After Benjamin Joseph was robbed at gunpoint outside his New Orleans home one night almost nine years ago, he described his attacker to the police: a Black man with a slim build who was wearing a pullover hoodie, Joseph said.
Eighteen hours later, the police made a curious decision. They arrested a teenager named Yutico Briley — even though he was heavyset and wearing a zip-up hoodie — while he was walking in Joseph’s neighborhood. Briley was Black and carrying a gun, which was evidently enough for officers to consider him a suspect.
From there, the case followed a course that’s more common than it should be. The police and prosecutors moved aggressively, seeming to care more about securing a conviction than making sure they were convicting the right person.
Instead of putting together a lineup that included Briley and several other men, the police brought him — and him alone — to Joseph and asked if Briley was the robber. “It seemed really unprofessional,” Joseph would say later. It is also a common way to produce false identification, research has found. Sure enough, Joseph identified Briley as the robber.
Later, investigators failed to collect evidence that could have cleared Briley, like security-camera footage and cellphone records that would have confirmed where he was when the robbery occurred. His original lawyers failed to do so, too. By the time other lawyers tried to do it, the records had been erased.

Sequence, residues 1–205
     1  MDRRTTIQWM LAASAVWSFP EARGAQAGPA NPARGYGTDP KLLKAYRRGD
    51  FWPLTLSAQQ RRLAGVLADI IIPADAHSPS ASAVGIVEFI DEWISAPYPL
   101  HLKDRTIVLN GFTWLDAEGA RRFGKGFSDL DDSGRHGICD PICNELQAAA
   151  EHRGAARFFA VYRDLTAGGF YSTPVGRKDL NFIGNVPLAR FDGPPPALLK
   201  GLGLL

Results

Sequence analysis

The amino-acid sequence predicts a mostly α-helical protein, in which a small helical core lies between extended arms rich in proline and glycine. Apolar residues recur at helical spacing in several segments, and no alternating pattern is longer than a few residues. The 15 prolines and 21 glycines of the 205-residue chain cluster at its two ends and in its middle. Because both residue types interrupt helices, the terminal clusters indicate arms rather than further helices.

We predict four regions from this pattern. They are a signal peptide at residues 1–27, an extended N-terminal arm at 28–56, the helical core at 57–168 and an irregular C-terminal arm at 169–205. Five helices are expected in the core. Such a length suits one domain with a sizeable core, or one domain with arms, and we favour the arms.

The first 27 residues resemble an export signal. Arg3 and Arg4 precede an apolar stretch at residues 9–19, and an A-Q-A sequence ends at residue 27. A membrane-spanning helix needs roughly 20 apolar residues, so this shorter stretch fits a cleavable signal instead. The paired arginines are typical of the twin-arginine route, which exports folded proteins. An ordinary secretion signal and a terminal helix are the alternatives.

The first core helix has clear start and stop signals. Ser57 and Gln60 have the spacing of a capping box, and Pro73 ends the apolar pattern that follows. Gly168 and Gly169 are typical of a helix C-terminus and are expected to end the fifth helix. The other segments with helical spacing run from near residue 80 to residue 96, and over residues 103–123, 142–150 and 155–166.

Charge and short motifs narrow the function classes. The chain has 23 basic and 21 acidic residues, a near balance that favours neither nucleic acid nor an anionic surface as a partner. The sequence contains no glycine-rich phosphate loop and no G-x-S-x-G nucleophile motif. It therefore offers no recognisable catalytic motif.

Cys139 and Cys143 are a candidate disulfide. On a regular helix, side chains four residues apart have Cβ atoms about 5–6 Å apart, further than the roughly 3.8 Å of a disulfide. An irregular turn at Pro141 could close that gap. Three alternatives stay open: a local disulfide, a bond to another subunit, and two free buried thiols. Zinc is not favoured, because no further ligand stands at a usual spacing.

Ultimately, a jury convicted Briley based largely on Joseph’s identification, and a judge sentenced him to 60 years in prison without the possibility of parole. He had no prior violent convictions on his record. It was a virtual life sentence for a 19-year-old convicted of a single crime on extremely thin evidence.
‘So many other Yuticos’
There are almost certainly tens of thousands of Americans who are now imprisoned for crimes they did not commit. (Several studies have suggested a nationwide wrongful conviction rate of at least 3 percent.) A disproportionate share of the wrongly convicted are Black men.
By now, you’ve probably read at least a few stories about these injustices. They can be both depressing and enraging. But I encourage you to make some time today or this week to read the story of Yutico Briley. It appears in The Times Magazine, written by my colleague Emily Bazelon. It is in many ways “crushingly ordinary,” as Emily says. But it is also different.
It’s an unusually personal story for Emily, about what happened after Briley contacted her from prison and she then decided to research his case. It is also a story of what can happen when prosecutors and judges are willing to revisit old cases with open minds.
“There are so many other Yuticos sitting in jail,” Jason Williams, the New Orleans district attorney, who took office this year, told Emily.
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